# Location of income tax offices¶

The example description in the following section is taken from Section 15.5 Location of income tax offices of the book Applications of optimization with Xpress-MP. The income tax administration is planning to restructure the network of income tax offices in a region. The number of inhabitants of every city and the distances between each pair of cities are known (see table below). The income tax administration has determined that offices should be established in three cities to provide sufficient coverage. Where should these offices be located to minimize the average distance per inhabitant to the closest income tax office ?

 1 2 3 4 5 6 7 8 9 10 11 12 1 0 15 37 55 24 60 18 33 48 40 58 67 2 15 0 22 40 38 52 33 48 42 55 61 61 3 37 22 0 18 16 30 43 28 20 58 39 39 4 55 40 18 0 34 12 61 46 24 62 43 34 5 24 38 16 34 0 36 27 12 24 49 37 43 6 60 52 30 12 36 0 57 42 12 50 31 22 7 18 33 43 61 27 57 0 15 45 22 40 61 8 33 48 28 46 12 42 15 0 30 37 25 46 9 48 42 20 24 24 12 45 30 0 38 19 19 10 40 55 58 62 49 50 22 37 38 0 19 40 11 58 61 39 43 37 31 40 25 19 19 0 21 12 67 61 39 34 43 22 61 46 19 40 21 0 Pop. (in 1000) 15 10 12 18 5 24 11 16 13 22 19 20

## Model formulation¶

Let be the set of cities. For the formulation of the problem, two groups of decision variables are necessary: a variable that is one if and only if a tax office is established in city , and a variable that takes the number of the office on which city depends. For the formulation of the constraints, we further introduce two sets of auxiliary variables: , the distance from city to the office indicated by , and , the number of cities depending on an office location.

The following relations are required to link the with the variables:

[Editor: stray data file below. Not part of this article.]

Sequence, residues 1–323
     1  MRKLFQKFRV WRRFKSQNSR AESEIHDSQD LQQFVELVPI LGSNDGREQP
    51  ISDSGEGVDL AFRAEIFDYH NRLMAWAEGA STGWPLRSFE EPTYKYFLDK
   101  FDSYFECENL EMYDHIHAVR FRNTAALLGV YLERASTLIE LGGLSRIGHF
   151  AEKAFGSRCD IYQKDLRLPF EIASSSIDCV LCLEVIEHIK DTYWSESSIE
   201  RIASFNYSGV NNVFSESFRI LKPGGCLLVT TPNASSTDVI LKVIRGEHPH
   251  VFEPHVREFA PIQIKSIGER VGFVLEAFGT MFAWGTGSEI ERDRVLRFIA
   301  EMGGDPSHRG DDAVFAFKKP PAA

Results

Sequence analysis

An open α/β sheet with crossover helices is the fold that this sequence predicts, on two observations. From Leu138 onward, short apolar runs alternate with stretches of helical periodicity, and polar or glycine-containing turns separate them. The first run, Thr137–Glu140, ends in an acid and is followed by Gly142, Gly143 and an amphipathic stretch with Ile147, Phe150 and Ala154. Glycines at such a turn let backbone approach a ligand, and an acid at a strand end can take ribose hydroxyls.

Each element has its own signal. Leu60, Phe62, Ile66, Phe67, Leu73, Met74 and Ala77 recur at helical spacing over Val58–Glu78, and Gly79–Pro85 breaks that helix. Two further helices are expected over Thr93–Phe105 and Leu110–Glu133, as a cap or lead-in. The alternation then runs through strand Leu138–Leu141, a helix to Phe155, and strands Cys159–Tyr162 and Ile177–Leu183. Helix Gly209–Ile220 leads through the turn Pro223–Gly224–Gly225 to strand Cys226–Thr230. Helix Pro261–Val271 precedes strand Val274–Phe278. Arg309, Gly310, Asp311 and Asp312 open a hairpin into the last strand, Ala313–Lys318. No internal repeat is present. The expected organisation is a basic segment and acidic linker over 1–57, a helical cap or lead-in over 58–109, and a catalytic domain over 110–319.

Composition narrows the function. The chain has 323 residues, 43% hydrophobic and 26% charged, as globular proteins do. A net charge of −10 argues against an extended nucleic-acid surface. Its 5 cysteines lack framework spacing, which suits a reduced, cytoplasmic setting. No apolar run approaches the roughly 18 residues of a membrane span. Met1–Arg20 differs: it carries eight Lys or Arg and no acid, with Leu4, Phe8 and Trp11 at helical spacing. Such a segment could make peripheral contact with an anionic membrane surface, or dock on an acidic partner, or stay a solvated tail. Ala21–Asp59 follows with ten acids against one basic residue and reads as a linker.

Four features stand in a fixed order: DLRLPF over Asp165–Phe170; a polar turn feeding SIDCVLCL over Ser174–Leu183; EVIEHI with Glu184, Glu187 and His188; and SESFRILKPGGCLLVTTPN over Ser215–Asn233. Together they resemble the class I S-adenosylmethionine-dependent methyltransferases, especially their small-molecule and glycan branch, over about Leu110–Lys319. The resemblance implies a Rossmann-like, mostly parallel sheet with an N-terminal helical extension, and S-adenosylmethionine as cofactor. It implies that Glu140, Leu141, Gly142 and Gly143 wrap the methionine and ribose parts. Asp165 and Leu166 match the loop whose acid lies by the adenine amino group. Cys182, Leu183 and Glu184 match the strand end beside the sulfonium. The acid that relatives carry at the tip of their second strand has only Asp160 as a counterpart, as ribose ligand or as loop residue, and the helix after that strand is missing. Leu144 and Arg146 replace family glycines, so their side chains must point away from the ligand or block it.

• counts the number of occurrences of office location among the variables dependc;

• if and only if the office in is built (as a consequence, if the office in is not built, then we must have ); Since the number of offices built is limited by the given bound , i.e. , it would actually be sufficient to formulate the second relation between the and variables as the implication If then the office in must be built, and inversely, if the office in is not built, then we must have .

The objective function to be minimized is the total distance weighted by the number of inhabitants of the cities. We need to divide the resulting value by the total population of the region to obtain the average distance per inhabitant to the closest income tax office. The distance from city to the closest tax office location is obtained by a discrete function, namely the row of the distance matrix indexed by the value of : ## Implementation¶

To solve this problem, we define a branching strategy with two parts, one for the variables and a second strategy for the variables. The latter are enumerated using the KSplitDomain branching scheme that divides the domain of the branching variable into several disjoint subsets (instead of assigning a value to the variable). We now pass an array of type KBranchingSchemeArray as the argument to the constructor of KSolver. The different strategies will be applied in their order in this array. Since our enumeration strategy does not explicitly include all decision variables of the problem, Artelys Kalis will enumerate these using the default strategy if any unassigned variables remain after the application of our search strategy.

// Number of cities
int NC = 12;
// Distance matrix
int DIST;
// Population of cities
int POP = {15, 10, 12 ,18 ,5 ,24, 11, 16, 13, 22, 19 ,20};
// Desired number of tax offices
int NUMLOC = 3;
// 1 if office in city, 0 otherwise
KIntVarArray build;
// Office on which city depends
KIntVarArray depend;
// Distance to tax office
KIntVarArray depdist;
// Number of depending cities per off.
KIntVarArray numdep;